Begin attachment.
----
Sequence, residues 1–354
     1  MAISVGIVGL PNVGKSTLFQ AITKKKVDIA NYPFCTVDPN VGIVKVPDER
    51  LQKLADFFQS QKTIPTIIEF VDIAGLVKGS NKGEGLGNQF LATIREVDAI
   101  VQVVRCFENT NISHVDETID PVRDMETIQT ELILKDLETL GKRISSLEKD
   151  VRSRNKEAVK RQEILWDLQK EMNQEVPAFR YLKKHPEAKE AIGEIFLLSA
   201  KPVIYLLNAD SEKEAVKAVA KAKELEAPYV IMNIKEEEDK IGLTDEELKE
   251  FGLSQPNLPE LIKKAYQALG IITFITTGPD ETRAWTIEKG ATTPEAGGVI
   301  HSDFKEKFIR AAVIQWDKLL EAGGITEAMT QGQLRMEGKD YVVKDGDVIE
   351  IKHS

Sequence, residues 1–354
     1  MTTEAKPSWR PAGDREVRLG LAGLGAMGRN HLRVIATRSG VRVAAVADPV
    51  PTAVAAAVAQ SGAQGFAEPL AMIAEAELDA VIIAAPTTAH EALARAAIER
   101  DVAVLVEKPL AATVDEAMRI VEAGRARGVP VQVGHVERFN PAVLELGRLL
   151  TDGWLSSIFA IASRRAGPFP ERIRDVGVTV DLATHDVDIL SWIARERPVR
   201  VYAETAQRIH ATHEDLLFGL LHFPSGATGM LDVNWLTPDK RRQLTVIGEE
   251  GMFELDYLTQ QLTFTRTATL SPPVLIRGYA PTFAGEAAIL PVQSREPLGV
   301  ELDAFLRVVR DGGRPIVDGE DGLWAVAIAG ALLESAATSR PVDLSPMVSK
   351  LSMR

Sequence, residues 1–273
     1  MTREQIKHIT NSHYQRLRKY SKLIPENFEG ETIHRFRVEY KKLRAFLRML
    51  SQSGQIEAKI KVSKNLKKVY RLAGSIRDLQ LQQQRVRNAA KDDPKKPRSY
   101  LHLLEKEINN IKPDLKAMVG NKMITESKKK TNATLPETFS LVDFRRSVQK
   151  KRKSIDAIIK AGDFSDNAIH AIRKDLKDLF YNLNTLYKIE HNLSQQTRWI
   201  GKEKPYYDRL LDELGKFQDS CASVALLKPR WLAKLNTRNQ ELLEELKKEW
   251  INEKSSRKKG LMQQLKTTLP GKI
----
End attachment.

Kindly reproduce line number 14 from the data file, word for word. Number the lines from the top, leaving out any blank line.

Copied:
   151  TDGWLSSIFA IASRRAGPFP ERIRDVGVTV DLATHDVDIL SWIARERPVR